Japanese Woman’s Spinning Pad Dryer Helps Send Menstruating Teenage Girls Back To School In Africa & Asia

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While cloth pads are gaining popularity among environmentally conscious urban users, most Indian women with access to menstrual hygiene still opt for sanitary napkins because of its convenience and hassle-free disposal. Though organic, reusable and chemical-free, many women shy away from using cloth pads since washing and reusing a dirty, used pad is either frowned upon with disgust or avoided due to the fast-paced lifestyle.

The story is almost entirely different if we look at the women from a lesser privileged background in developing countries. For them, cloth pads don’t come in fresh, fragrant cotton fabrics with quirky patterns, colours or motifs, and sanitary napkins are a luxury outright. Mostly they settle for discarded bits and pieces of clothes and unclean rags, owing to the taboo of being ‘impure’ during menstruation.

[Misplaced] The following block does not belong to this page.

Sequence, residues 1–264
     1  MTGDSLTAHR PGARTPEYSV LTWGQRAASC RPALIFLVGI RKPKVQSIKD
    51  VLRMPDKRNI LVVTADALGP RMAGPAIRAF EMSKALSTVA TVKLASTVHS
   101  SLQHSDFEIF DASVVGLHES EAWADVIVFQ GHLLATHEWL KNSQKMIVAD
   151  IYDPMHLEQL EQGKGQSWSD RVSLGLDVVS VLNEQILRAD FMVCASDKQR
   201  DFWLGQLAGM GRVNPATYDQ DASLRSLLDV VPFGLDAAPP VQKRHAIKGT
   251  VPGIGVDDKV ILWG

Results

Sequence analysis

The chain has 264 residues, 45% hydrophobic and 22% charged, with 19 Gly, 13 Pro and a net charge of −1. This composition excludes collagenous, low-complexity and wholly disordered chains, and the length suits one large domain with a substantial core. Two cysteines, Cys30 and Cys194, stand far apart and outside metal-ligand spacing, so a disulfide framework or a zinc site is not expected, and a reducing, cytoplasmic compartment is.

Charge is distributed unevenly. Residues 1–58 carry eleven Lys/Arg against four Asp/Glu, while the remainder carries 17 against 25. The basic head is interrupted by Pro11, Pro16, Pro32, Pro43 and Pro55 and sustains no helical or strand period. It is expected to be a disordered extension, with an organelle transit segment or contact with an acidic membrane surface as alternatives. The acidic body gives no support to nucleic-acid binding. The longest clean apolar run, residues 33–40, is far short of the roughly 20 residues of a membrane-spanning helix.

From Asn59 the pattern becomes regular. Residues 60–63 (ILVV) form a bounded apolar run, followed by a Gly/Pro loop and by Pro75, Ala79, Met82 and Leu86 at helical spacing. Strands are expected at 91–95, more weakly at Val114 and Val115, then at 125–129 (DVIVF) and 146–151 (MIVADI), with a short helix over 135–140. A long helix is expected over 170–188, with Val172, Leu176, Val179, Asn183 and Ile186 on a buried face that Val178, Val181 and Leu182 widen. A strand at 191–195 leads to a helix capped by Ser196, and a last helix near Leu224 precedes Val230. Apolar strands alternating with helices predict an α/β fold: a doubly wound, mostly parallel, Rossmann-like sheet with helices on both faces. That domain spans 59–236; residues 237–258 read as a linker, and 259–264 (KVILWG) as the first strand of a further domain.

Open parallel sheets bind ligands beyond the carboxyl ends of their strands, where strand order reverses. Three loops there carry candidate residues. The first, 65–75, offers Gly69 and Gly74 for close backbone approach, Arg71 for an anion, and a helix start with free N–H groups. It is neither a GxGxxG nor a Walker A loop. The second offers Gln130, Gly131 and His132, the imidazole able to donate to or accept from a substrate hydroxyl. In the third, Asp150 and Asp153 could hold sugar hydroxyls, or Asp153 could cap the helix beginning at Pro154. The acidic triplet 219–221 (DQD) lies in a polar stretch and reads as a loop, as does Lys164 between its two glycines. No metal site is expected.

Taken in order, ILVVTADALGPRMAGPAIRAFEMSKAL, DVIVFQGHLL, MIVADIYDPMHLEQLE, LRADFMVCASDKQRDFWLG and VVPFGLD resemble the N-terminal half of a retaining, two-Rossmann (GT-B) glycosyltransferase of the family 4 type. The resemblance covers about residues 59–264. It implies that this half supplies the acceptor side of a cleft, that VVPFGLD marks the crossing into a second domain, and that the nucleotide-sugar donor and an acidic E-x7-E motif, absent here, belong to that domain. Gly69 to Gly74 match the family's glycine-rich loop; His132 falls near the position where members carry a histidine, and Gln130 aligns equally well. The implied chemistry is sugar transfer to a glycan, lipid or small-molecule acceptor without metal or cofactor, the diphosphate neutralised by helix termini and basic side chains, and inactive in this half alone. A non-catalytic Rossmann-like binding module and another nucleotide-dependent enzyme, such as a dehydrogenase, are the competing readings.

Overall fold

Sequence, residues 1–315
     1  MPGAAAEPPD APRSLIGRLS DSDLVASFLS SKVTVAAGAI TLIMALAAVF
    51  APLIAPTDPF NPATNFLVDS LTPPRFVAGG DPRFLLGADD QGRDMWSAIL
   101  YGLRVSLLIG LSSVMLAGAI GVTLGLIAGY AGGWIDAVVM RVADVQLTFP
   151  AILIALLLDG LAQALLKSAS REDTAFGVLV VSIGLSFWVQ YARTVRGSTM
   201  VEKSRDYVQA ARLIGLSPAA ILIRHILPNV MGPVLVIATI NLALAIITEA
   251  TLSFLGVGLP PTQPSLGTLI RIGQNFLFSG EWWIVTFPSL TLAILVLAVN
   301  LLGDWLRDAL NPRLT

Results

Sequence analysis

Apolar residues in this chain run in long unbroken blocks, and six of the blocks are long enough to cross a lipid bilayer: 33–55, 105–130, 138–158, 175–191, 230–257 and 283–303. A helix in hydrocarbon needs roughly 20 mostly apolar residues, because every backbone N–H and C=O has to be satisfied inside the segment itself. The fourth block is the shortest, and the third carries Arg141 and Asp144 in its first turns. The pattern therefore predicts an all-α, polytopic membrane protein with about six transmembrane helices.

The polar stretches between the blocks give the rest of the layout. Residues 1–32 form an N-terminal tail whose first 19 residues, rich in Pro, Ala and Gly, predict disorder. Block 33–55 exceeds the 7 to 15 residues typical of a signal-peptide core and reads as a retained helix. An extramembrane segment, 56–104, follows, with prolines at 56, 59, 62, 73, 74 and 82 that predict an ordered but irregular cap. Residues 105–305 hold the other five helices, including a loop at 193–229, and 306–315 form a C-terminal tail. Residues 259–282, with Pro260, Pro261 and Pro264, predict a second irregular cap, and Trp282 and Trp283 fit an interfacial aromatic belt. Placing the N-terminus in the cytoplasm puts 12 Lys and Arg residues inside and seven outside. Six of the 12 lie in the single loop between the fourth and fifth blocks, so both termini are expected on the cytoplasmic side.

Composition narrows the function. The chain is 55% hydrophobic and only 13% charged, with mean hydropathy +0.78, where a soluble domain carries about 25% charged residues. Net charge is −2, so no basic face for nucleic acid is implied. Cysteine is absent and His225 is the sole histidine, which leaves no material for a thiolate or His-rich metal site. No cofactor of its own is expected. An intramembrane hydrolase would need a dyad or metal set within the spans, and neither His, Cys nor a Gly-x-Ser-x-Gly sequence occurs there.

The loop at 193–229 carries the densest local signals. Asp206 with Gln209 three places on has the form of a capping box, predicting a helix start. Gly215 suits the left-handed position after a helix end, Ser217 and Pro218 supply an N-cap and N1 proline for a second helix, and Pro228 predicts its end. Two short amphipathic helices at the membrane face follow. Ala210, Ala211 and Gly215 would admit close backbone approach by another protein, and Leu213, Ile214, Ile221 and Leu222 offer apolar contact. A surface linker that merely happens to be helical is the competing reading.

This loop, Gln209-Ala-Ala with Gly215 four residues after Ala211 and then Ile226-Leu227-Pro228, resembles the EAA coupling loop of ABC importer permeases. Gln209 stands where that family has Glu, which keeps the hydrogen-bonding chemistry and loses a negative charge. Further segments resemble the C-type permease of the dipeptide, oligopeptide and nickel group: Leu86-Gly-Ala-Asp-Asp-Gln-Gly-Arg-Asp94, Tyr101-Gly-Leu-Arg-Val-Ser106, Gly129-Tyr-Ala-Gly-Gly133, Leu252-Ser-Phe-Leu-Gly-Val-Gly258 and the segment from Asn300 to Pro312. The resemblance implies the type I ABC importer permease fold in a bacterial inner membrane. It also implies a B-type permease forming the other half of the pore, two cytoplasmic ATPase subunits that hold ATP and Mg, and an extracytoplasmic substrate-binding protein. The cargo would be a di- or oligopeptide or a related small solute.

No one has ever become poor by giving
-Anne Frank

If men see these menstrual rags being dried in the sun, they would lose their sight. This is a very popular belief prevailing in hinterlands across India. Or if one considers the African nation of Niger, where village women go to clean and dry their rags only at households where there is no male member. Such stigma leads to the rags being cleaned & dried in secrecy in some dingy corner, which causes bacterial overgrowth in the objects that demand utmost hygiene.

Mariko Higaki Iwai’s solution – Flo

The issues are endless and difficult to eradicate in a whisk, due to the age-old prejudices, but Japanese design student Mariko Higaki Iwai seems to have found a near-perfect solution. Her simple yet lifesaving innovation Flo is a menstrual hygiene kit that might save thousands of young girls from dropping out of school after getting their periods. Aside from having a compact pouch that enables young girls to carry pads (both clean and dirty ones) inside their skirts without having to worry about stains, the most intriguing component of Flo is perhaps the spinning dryer that dries the pads fast with less water, less energy, less time and of course, much lesser mess.

The innovation has bagged many international awards since it was debuted in 2014.